Again, that throw came on the third attempt of the kid’s first collegiate drive. Yet coaches went back to Stoudt and stuck with him, largely ignoring the freshman save for a three-and-out in the third quarter and a garbage-time possession after the defense had finally yielded to Todd Gurley in the fourth. After the loss, coach Dabo Swinney said Watson’s playing time is on a “game-by-game evaluation.” No word on whether the actual game in progress will figure into things.

The best individual stat line of the weekend belonged to Western Kentucky senior Brandon Doughty, who obliterated school records by passing for 569 yards and six touchdowns en route to a 59-31 upset over the defending MAC champion, Bowling Green. As a team, WKU racked up 702 yards of offense (also a school record) and scored eight touchdowns on drives covering at least 69 yards apiece.

Reggie Collier “Athlete” of the Week: New Mexico’s Cole Gautsche

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The Reggie Collier “Athlete” All-Stars honor quarterbacks who best embody the “dual threat” ethos of their inspiration, the first player to rush for 1,000 yards and pass for 1,000 yards in the same season.

Gautsche rushed for a career-high 184 yards in New Mexico’s opener against UTEP, best among all quarterbacks in Week 1, including touchdown runs of 68 yards in the first quarter and 51 yards in the third. Over his first two seasons in Albuquerque, Gautsche accounted for more than 1,500 yards on the ground while delivering seven 100-yard rushing games, significantly outpacing his ghastly stat line as a passer in the Lobos’ triple-option attack. Alas, his value was even more apparent Saturday in absence: Gautsche pulled up lame with a hamstring injury early in the fourth quarter, and New Mexico failed to reach the end zone again in a 31-24 loss.

QB Curve Power Hour!

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Ranking the nation’s best quarterbacks after Week 1.

1. Marcus Mariota, Oregon. No alarms, no surprises against South Dakota — just an obscene efficiency rating. (Last week: 2)

2. Jameis Winston, Florida State. Against Oklahoma State, he turned in arguably his shakiest performance as a starter, yet he still wound up with 370 yards passing and a crazy touchdown run that defied physics for a human being who weighs 230 pounds. (LW: 1)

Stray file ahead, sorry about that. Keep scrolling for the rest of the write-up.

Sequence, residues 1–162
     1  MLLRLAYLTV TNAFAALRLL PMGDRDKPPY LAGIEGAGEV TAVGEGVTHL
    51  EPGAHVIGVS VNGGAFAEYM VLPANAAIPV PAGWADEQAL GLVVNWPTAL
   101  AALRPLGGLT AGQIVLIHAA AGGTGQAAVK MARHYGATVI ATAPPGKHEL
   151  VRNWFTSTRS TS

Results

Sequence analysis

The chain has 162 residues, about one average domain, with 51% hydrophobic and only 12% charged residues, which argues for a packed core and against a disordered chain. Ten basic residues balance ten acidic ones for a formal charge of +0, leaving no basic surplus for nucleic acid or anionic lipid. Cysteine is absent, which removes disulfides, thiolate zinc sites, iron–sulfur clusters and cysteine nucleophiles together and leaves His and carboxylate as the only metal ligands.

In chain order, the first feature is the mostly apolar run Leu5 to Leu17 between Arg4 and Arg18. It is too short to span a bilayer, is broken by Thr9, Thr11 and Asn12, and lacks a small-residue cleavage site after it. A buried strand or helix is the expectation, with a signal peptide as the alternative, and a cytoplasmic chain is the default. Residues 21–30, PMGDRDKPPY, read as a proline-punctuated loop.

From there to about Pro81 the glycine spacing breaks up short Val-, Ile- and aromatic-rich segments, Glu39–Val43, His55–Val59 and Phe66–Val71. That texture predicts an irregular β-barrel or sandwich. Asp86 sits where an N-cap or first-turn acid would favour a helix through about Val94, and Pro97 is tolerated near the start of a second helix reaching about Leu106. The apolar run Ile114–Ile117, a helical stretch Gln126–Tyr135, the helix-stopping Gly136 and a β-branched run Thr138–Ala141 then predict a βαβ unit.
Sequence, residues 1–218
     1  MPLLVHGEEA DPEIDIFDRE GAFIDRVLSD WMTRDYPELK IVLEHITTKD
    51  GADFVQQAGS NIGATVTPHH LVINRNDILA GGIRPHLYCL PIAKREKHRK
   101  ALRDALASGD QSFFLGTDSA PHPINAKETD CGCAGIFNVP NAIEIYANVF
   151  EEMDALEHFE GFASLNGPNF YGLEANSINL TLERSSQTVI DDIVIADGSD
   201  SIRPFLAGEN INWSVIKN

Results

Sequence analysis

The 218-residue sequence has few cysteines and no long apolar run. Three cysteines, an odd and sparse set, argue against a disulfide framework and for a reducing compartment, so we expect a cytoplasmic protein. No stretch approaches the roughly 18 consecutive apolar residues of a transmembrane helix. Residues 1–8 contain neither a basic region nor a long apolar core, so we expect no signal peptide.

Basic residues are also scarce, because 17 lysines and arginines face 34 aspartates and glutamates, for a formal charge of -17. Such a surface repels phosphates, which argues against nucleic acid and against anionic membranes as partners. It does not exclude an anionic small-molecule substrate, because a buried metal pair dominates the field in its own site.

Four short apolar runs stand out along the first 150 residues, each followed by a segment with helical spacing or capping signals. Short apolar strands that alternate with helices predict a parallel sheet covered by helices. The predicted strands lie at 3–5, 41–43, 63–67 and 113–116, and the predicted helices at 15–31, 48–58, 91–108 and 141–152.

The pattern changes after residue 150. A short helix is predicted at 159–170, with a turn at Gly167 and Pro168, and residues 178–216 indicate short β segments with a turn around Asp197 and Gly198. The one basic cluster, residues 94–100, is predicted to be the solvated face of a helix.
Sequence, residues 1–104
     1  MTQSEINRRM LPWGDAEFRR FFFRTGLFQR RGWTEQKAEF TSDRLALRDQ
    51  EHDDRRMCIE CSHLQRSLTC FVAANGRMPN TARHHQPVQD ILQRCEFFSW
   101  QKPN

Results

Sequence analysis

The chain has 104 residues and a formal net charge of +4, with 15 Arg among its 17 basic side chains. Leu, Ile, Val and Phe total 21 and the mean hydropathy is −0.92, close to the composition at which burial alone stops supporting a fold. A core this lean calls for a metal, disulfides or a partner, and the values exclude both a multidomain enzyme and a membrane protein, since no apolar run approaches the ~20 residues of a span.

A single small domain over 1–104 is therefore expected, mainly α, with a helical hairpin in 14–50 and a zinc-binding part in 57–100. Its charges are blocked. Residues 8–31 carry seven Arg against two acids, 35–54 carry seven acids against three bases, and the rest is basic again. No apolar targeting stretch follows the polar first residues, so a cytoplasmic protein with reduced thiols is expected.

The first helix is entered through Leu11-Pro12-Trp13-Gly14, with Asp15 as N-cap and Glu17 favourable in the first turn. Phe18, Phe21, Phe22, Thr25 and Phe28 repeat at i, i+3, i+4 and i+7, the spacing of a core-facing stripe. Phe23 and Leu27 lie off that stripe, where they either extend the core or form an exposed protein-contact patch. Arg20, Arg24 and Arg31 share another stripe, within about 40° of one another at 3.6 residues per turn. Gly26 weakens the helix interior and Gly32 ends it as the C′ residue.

3. Bryce Petty, Baylor. Petty sat out the second half of the Bears’ win over SMU and confirmed Monday that he’s day-to-day with a broken back. Even if that designation proves ambitious, his presence won’t be essential for at least another month. (LW: 3)

4. Kenny Hill, Texas A&M. We suspected Hill was going to be fun to watch in place of Johnny Manziel, but did we see him moving into the top five in this space with a bullet? We did not. (LW: NR)

5. Christian Hackenberg, Penn State. Days after being featured in QB Curve, Hackenberg set the school passing record, drove the Lions for a last-second win, and looked every inch the ideal pro prospect against UCF. He also threw two interceptions, just to remind us that he’s still a sophomore. (LW: 7)

6. Taylor Kelly, Arizona State. ASU opened on a Thursday night against Weber State, so no news is good news. (LW: 6)

7. Nick Marshall, Auburn. While serving a suspension, Marshall ceded the first half of Auburn’s win over Arkansas to sophomore Jeremy Johnson, and he may have to cede more time after Johnson posted the second-best efficiency rating of the weekend. (LW: 5)

8. Brett Hundley, UCLA. He took five sacks and countless other hits at Virginia, which is less Hundley’s fault than that of the Bruins’ makeshift offensive line. Still, UCLA managed just one offensive touchdown against a defense that finished last in the ACC last year in points allowed, and the preseason hype only made that showing feel worse. (LW: 4)

9. Connor Cook, Michigan State. Cook passed for three touchdowns with one incomplete pass against Jacksonville State, signifying nothing. Check back after this weekend’s blockbuster trip to Oregon. (LW: 9)

10. Cody Kessler, USC. He dropped 394 yards and four passing touchdowns on Fresno State in a 52-13 rout, because apparently USC is still growing these guys on trees. (LW: NR)

Waiting: Shane Carden (East Carolina), Rakeem Cato (Marshall), Devin Gardner (Michigan), Kevin Hogan (Stanford), Trevor Knight (Oklahoma), P.J. Walker (Temple)

Filed Under: College Football, QB Curve, Everett Golson, Notre Dame Fighting Irish, Brian Kelly, Michigan Wolverines, David Ash, Texas Longhorns, Central Florida Knights, Justin Holman, Clemson Tigers, Cole Stoudt, Deshaun Watson, Western Kentucky, Brandon Doughty, Reggie Collier “Athlete" of the Week, New Mexico Lobos, Cole Gautsche, QB Curve Power Hour!, Marcus Mariota, Jameis Winston, Bryce Petty, Kenny Hill, Christian Hackenberg, Taylor Kelly, Nick Marshall, Brett Hundley, Connor Cook, Cody Kessler, Quarterbacks, Football, NCAA, NCAAF, Matt Hinton, Tyrone Swoopes

Matt Hinton is a staff writer at Grantland.

Archive @ MattRHinton